The work health and safety regulator advises PPE should be worn by:

  • people with suspected or confirmed COVID-19 as advised by their doctor or Queensland Health.
  • people with close contact with suspected or confirmed cases of COVID-19 (e.g. healthcare workers). PPE guidance for specific industries is available at

The current shortage of disposable particulate respirators in Australia due to an increase in demand from health care workers and from the public, creates an issue for workplaces which require disposable respirators to protect workers from exposure to hazardous dusts generated from various work processes.

If you cannot get stocks from your regular suppliers, QLD WorkSafe suggests:

  • If you normally use P2 disposable respirators to protect against mechanically generated particulates (for example, dust from power tools or bonded asbestos removal), a P1 disposable respirator may be an alternative option. P1 disposable respirators are suitable for mechanically generated particulates while P2 disposable respirators are suitable for both mechanically and thermally generated particulates (e.g. particulates produced by hot processes such as soldering and welding). Use this table to select an appropriate respirator.

If you are able to source respirators, you should ensure you are getting the maximum use out them.

WorkSafe recommends you do this by:

  • Rescheduling work for when disposable respirators are available
  • Restrict access to respirators to staff who need to use them, i.e. whose work puts them at risk of exposure to a hazardous dust.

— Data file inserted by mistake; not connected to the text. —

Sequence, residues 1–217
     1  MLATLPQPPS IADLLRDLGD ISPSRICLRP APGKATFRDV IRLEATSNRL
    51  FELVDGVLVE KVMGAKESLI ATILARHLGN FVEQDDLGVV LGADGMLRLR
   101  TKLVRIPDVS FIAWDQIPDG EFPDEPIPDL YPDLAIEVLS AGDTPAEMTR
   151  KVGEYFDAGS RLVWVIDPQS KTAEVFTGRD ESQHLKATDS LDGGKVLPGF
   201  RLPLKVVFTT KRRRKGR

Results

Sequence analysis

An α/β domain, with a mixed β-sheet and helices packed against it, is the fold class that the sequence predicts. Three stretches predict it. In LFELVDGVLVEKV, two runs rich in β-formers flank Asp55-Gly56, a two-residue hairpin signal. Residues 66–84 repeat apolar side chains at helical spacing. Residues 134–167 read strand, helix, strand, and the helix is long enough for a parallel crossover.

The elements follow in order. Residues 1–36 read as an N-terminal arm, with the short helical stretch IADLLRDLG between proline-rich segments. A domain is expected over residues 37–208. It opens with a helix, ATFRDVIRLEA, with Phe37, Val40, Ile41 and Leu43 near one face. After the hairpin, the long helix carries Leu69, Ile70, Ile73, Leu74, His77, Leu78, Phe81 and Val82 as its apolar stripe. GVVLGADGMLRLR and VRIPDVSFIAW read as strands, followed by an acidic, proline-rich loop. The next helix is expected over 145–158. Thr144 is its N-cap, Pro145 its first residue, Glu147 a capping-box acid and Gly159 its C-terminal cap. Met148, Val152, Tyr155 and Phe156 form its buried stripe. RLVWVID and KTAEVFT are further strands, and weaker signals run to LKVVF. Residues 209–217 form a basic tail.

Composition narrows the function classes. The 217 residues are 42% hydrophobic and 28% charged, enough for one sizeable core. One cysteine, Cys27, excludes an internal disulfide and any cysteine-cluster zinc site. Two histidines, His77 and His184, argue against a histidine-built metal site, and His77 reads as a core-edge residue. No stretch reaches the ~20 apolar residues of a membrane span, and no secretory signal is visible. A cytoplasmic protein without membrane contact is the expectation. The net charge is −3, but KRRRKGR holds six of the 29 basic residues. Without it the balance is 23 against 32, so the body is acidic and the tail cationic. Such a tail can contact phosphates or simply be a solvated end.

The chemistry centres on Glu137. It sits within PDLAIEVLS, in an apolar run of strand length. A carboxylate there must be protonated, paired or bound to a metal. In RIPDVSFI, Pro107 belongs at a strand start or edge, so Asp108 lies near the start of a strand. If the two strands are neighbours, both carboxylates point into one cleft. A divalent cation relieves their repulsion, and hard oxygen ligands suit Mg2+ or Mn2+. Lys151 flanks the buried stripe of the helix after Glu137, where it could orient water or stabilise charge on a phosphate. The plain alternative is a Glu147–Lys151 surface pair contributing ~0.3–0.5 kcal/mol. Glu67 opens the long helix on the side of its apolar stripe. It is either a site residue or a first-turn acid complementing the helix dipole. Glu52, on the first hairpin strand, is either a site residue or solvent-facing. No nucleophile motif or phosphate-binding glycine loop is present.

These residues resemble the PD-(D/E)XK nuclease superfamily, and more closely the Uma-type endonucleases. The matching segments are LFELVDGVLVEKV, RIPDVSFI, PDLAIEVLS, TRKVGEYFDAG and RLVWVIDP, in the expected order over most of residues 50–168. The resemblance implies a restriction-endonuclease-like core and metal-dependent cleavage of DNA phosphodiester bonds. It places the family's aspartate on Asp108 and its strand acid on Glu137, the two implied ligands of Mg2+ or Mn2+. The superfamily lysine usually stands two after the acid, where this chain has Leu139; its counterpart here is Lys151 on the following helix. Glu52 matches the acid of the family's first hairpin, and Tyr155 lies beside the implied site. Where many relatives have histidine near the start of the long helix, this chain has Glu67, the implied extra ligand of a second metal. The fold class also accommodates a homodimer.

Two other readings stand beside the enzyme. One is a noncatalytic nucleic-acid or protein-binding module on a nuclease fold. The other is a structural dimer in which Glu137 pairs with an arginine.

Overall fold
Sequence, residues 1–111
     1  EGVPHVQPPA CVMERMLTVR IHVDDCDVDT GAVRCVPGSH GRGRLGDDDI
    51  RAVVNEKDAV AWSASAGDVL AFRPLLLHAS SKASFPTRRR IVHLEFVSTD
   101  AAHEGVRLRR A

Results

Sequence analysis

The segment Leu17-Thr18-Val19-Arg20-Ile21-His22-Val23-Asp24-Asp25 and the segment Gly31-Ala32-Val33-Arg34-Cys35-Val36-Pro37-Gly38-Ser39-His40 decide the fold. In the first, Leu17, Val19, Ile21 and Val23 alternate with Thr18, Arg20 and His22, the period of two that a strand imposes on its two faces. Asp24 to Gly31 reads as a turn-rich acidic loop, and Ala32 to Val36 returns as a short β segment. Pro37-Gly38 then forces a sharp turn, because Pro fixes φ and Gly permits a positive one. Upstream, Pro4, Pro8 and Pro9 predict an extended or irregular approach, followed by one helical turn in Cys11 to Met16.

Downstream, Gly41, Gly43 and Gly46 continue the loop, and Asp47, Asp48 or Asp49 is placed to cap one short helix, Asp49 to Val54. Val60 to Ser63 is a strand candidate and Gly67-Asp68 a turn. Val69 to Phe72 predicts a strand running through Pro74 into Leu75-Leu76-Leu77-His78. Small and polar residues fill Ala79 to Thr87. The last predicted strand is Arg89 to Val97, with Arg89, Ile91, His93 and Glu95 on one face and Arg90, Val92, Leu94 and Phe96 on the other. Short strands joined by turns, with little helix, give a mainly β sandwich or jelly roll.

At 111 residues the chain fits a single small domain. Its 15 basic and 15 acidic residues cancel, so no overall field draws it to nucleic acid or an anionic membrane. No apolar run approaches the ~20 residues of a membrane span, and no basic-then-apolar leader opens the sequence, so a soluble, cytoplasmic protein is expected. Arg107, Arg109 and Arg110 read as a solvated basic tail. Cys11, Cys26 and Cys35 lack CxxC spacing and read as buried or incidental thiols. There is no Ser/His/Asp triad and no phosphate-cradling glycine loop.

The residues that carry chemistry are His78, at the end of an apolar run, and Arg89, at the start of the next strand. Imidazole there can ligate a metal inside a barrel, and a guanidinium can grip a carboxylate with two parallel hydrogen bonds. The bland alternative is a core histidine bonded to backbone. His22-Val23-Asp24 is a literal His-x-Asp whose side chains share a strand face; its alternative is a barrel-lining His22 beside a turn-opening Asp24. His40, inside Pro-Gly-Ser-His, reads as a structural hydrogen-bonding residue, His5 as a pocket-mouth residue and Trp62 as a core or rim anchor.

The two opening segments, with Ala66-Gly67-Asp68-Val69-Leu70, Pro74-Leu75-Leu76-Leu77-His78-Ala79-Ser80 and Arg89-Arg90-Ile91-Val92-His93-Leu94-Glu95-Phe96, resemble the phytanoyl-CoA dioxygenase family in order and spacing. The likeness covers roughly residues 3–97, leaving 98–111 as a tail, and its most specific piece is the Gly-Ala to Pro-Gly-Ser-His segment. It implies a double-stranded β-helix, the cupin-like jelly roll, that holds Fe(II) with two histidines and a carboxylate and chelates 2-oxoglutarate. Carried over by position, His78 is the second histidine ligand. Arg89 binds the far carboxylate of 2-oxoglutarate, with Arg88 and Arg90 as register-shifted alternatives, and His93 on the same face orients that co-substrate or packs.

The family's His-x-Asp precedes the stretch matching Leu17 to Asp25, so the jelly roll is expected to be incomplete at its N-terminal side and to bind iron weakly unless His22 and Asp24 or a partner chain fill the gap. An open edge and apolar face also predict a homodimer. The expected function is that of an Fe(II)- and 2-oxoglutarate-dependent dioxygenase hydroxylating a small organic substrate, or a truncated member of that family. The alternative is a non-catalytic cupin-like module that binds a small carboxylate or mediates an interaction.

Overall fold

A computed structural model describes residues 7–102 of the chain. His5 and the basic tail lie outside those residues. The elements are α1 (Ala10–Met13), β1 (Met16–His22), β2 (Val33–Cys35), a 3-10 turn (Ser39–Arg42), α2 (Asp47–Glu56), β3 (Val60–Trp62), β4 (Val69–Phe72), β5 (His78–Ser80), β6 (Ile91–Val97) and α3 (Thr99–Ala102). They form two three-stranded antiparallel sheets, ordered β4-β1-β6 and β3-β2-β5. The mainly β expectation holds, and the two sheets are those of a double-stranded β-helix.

• Where respirators are being reused following a rest break, ensure facilities are available to support the following steps:
      • Before removing the respirator—wash hands,
      • Remove respirator and wash face,
      • Ensure a user fit check is completed each time disposable RPE is re fitted, and
      • Dispose of RPE if damaged, dust is present inside the RPE or it no longer fits tightly and conforms to the wearers face.
  • Use suitable alternatives to disposable respirators
  • Use higher order risk controls such as enclosures and LEV that eliminate exposure to airborne contaminants.
  • Consider administrative controls such as reducing the level and duration of exposure of employees involved in dust generation through work organisation (periodic rotation of employees both through and in areas with potentially significant dust exposures) and limits on overtime.
  • Use other types of respirators which provide the same or greater level of protection such as reusable respirators and powered air-purifying respirators (PAPR). Supply of these respirators has not currently been severely impacted, but this may change.
  • Reusable respirators with replaceable particulate filters can be used as an alternative to disposable respirators. Filters can be used repeatedly so long as both parts are regularly cleaned and stored in a clean container between usage. The cost for this type of respirator is very competitive when compared to ongoing replacement costs of disposable respirators.
  • Reusable PAPR can be used as an alternative to disposable respirators. PAPR units have a wide variety of head-tops and replaceable particulate filters.

More information.